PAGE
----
8) Syracuse - Extremely balanced starting five. You could easily make an argument to pair up Syracuse and Kansas to go up against the Nets. Rautins could spread the floor with his shooting touch. Wesley Johnson is the culmination of Tyrus Thomas, Anthony Randolph, and a serious offensive game. Onuaku and Jackson provide great inside presence. Jardine and Triche would probably complete the roster. Great one through six. The problem is the ability to guard Devin Harris and foul trouble. The other team would need to provide the starting PG and at least two 6'10"+ players in order to assist Onuaku who would find himself in early foul trouble between Harris driving and guarding Lopez on the block.

9) Tennessee - The Vols definitely go six deep with Hopson, Smith, Chism, Tatum, Maze, and Prince. Hopson and Smith are first round picks. Chism is an early second. Then there is a bit of a drop-off to the final three. The versatility of Tatum and Prince is appeasing. The Vols can matchup with the Nets in terms of the combo guard-forwards such as Chris Douglas-Roberts and Terrence Williams, but the Vols don't match up with Harris and Lopez well so most of the burden would be discoursed to the other team pairing with Tennessee. Plus, the Vols final three players would be completely neutralized on the offensive end against an NBA team which would become an even more significant burden.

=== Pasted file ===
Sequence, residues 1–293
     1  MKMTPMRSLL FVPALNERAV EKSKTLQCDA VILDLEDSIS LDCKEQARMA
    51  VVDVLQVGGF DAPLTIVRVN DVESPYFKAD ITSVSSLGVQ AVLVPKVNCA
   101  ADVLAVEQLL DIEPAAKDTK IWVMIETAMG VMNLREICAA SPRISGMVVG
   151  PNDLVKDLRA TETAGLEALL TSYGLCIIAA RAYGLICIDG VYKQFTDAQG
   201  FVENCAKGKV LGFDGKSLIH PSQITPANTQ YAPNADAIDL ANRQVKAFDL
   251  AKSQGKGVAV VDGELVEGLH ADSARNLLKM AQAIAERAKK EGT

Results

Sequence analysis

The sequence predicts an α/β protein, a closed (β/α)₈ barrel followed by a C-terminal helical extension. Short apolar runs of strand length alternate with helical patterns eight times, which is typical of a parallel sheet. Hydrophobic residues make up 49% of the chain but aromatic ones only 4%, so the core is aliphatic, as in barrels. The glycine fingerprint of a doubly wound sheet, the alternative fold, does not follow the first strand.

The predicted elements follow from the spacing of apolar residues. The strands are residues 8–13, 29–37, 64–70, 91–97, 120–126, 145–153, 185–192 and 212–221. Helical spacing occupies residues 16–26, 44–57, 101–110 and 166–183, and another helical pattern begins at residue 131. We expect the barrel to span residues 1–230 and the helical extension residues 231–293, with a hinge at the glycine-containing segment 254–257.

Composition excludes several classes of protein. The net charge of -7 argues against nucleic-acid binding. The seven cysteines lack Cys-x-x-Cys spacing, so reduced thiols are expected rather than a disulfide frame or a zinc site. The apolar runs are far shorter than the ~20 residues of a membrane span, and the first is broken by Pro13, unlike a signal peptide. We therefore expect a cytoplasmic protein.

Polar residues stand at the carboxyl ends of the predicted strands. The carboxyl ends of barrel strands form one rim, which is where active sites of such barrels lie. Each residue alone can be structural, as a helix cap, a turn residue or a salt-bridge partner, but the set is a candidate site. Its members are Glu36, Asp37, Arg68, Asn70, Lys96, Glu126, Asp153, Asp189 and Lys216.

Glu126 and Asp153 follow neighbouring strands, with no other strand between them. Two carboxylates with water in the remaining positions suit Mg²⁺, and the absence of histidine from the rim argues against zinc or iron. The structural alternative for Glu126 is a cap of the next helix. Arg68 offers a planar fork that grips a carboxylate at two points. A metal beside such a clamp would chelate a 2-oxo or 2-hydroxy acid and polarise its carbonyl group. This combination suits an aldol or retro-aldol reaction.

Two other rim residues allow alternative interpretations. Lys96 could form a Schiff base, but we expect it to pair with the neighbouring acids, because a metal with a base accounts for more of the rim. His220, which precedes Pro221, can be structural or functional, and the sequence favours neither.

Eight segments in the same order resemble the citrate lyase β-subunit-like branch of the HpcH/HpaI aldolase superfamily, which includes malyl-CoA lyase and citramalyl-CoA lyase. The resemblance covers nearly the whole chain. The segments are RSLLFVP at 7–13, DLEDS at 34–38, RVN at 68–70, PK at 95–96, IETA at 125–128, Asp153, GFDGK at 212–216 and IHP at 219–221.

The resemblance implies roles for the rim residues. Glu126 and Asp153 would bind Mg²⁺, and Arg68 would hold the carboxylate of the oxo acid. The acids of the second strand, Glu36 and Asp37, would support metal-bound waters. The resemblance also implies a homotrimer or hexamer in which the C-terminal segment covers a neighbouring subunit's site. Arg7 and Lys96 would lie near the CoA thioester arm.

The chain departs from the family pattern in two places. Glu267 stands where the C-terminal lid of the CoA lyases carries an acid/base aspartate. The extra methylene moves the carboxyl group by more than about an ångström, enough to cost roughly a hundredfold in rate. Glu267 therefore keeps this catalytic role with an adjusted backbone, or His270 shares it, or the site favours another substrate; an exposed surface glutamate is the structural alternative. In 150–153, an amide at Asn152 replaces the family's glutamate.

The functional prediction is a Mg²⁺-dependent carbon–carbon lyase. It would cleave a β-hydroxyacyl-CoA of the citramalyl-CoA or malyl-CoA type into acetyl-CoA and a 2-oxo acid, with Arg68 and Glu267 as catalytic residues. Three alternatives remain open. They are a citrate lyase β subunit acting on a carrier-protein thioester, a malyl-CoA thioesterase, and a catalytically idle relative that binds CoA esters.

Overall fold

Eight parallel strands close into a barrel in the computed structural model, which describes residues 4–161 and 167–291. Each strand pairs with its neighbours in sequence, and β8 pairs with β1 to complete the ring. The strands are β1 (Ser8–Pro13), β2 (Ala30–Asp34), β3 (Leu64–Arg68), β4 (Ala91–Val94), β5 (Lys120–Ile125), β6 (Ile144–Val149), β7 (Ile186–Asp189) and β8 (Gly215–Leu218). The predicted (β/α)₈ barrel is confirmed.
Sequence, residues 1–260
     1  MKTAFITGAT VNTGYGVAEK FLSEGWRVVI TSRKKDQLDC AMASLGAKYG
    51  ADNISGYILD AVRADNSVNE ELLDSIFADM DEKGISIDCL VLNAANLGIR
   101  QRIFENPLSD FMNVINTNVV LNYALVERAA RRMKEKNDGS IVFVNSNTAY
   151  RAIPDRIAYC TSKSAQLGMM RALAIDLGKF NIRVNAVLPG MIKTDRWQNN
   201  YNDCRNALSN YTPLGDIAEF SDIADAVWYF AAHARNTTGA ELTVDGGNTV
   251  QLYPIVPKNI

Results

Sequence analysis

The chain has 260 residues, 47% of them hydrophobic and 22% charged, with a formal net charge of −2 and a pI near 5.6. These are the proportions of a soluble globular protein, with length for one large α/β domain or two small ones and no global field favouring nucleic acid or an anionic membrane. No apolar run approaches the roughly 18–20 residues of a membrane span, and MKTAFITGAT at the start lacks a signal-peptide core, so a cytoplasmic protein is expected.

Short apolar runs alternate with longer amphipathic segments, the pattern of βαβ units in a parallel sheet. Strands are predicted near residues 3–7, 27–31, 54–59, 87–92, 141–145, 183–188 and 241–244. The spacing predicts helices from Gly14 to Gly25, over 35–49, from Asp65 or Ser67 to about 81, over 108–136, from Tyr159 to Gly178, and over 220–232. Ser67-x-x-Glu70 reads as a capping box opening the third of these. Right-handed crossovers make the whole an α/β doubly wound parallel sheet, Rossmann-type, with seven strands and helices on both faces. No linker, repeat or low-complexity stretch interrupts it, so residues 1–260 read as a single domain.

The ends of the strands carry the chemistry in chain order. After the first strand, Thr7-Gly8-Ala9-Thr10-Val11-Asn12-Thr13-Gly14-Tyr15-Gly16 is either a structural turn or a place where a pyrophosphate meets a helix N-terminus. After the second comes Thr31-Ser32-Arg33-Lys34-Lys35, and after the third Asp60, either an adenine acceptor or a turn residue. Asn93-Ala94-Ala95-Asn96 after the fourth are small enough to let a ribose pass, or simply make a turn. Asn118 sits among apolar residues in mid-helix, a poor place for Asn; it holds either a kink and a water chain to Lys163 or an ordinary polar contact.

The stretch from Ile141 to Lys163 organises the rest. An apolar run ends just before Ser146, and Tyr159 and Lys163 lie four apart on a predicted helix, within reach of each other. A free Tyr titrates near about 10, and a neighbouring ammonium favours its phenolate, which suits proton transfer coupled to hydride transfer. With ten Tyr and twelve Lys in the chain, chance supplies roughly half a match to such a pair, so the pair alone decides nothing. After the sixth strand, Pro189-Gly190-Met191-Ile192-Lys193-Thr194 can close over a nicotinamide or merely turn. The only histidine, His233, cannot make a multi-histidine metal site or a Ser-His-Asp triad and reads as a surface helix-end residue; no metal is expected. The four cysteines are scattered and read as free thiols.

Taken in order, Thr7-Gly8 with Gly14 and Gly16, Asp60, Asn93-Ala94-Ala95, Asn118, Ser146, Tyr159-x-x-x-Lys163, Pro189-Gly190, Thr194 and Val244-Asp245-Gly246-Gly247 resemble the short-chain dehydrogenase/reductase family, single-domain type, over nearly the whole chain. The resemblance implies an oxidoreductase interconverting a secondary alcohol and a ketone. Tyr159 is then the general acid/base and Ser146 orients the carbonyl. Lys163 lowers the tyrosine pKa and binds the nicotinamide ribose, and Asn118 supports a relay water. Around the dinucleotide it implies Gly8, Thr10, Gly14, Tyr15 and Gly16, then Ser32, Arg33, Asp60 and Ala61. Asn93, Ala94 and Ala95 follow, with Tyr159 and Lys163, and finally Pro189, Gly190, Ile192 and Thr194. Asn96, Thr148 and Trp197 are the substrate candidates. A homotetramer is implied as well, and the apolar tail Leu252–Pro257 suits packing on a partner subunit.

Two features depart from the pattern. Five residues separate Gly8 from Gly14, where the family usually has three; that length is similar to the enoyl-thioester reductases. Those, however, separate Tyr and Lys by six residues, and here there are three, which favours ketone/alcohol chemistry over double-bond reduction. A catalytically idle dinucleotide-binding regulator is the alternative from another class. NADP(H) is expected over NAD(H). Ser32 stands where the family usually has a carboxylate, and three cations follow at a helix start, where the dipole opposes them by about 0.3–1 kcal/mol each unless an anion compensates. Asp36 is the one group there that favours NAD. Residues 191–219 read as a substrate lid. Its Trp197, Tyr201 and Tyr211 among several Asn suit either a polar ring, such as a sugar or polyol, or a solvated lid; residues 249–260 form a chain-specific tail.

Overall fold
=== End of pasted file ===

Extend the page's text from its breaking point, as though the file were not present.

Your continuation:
10) Texas - The Longhorns have a very fine seven: Damion James, Avery Bradley, Dexter Pittman, Jordan Hamilton, J'Covan Brown, Varez Ward, and Dogus Balbay. The Longhorns are built for the college game. Balbay can drive and leave a dime for James or Pittman, or he can dish it out to James, Bradley, Hamilton, or Brown for a three. A sound defensive unit. Experience, size, post-play, and defense from James and Pittman. A lot to like. The big flaw is youth. Bradley, Hamilton, and Brown are all freshmen and Ward is a sophomore. I am not asking who would win a seven game series, but if the game comes down to a critical run or the final moments of the game then resiliency, experience, and toughness will all be attributes these freshmen would be fairly raw in.

11) Villanova - Nova's bid is all about Scottie Reynolds. As a senior he would be capable of conducting an offense against the Nets. He also has the quickness to test Devin Harris. The perks start rolling in for the Wildcats when looking at guard play. Fisher and Strokes could make the game interesting. On the NBA level, Taylor King is more fit as a guard and Maalik Wayns would probably be the fifth guard which would make the Wildcats a solid pairing with UNC. Antonio Pena would be the sole natural forward and a reckoned component. Nova also has plenty of experience; they are simply second to quality of talent for guard play to the Spartans.

12) West Virginia - The final team is the Mountaineers carried by Devin Ebanks and Da'Sean Butler. The folks from UWV are here for a similar reason that Tennessee is: their versatility allowing them to matchup with the combo guard-forwards of the Nets. Statistically, the Mountaineers seem nice; however, the talent level from Ebanks to Butler is a considerable drop-off and then from Butler to the other four starters (with Ebanks' absence) is a significant drop-off. The Mountaineers would have difficulty keeping up with NBA talent considering their last four spots would be filled with 3 star talent.

This concludes Part 1 - the team selection edition. Part 2 while dissect the matchup between MSU/UNC and the New Jersey Nets.